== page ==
External hard drives are great for backing up your computer. They enable you to accomplish some of the important facets of backing up:
- you can back up your entire hard drive or your your boot partition (usually these are the same thing as most Windows XP computers come with one big C: drive) (see my June 20th issue)
- you can back up your individual files (except those that are locked by Windows)
- you can easily back up individual files that have changed — either from the whole drive or just from the directories you specify (see my June 20th issue),
- and they enable you to disconnect the drive so that it can not be affected by a trojan, virus, worm, lightning storm or user brain freeze — so you have a real, useful backup sitting on the shelf.
You can also build your own external hard drive. It is not difficult and it can be a much cheaper alternative to buying an external drive, especially if you have an old hard drive sitting on the shelf.
If you plan to put a BIG drive in an external drive enclosure, check test it promptly in case you have to return it. I have an external enclosure that’s about 2 or 3 years old, which was before hard drives had broken the 132 GB barrier. WinXP Pro SP2 will only use a maximum of 132 GB on the drive, even if the drive is larger, despite the manufacturer’s web site that says the case will handle drives over 250 GB.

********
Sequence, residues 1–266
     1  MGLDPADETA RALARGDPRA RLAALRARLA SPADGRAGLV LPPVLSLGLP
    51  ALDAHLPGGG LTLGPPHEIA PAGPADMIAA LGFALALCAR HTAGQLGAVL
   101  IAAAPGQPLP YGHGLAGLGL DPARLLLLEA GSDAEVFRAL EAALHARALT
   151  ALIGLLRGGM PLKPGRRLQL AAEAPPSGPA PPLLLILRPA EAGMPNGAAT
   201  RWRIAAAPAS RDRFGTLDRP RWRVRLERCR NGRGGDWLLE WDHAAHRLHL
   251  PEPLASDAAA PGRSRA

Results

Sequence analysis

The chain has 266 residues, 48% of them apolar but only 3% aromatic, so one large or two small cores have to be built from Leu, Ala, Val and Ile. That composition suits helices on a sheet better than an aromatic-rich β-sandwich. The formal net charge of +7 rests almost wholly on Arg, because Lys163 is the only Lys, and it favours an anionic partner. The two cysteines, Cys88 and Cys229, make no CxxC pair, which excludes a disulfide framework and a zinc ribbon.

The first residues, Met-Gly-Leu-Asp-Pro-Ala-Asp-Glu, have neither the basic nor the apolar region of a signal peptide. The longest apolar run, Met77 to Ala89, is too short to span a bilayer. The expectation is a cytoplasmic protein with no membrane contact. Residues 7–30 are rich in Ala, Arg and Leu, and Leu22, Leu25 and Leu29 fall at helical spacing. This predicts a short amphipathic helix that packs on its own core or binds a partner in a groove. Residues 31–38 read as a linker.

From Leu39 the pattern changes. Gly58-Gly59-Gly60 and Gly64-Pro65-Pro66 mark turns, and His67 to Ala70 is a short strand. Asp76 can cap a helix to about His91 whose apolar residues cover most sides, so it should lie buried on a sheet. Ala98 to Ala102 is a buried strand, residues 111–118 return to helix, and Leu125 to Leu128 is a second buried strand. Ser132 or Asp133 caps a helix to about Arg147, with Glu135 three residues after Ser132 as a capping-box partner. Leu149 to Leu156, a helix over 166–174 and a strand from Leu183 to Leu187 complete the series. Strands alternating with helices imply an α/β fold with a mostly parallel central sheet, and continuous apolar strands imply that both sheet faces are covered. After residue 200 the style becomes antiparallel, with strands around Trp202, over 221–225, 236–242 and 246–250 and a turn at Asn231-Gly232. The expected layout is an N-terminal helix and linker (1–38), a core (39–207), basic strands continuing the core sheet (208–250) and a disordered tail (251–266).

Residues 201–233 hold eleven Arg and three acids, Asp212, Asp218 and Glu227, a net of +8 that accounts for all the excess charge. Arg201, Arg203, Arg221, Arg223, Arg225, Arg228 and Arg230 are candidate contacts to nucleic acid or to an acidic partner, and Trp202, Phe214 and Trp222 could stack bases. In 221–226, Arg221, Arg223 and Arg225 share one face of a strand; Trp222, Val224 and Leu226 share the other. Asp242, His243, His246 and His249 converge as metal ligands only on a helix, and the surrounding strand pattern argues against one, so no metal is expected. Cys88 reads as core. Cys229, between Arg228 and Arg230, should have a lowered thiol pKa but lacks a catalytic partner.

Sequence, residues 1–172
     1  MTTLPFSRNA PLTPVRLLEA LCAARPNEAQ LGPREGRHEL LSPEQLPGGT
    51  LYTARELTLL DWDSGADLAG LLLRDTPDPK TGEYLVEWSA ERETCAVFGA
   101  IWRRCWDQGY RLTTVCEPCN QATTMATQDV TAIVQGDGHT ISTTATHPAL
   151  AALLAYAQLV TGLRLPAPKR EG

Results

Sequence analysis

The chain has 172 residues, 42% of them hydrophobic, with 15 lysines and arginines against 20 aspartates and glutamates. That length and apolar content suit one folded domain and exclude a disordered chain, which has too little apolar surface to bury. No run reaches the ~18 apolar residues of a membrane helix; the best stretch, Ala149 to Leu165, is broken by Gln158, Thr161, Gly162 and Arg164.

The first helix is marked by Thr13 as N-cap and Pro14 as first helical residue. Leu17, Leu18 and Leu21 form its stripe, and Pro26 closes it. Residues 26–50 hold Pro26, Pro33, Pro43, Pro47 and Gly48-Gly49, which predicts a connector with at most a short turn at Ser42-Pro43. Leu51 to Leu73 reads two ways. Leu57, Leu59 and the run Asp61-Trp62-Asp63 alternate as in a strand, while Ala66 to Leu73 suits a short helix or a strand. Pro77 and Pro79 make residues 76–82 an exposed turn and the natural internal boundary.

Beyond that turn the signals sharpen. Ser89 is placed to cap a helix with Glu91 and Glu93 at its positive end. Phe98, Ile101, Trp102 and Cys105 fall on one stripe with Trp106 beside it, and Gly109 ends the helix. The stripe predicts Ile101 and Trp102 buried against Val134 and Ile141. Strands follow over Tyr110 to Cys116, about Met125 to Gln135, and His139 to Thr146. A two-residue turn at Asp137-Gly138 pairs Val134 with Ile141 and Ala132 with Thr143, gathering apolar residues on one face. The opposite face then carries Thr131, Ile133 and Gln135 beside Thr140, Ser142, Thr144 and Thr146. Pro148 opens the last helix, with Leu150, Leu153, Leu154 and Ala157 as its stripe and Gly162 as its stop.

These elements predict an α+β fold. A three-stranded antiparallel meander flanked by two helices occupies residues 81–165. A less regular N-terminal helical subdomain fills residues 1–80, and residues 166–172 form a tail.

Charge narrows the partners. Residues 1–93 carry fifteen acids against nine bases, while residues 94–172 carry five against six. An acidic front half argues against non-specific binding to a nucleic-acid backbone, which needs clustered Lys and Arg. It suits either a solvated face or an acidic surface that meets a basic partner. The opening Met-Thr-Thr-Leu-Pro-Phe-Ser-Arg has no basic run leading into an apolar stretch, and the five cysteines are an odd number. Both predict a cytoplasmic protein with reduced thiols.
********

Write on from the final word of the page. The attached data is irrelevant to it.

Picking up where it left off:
While WinXPSP2 removed the 132GB limitation from IDE drives, but this problem was apparently in the enclosure’s interface hardware, as other people have reported successfully building external hard drives with large drives and without having to install special drivers
Of course, huge external drives are available in retail packaging. Most of them come with special software to easily back up your system.
Don’t forget the other end of the external hard drive spectrum – you can build or purchase your own small 2.5-inch hard drive enclosures, too.
Read more in my External Hard Drives article.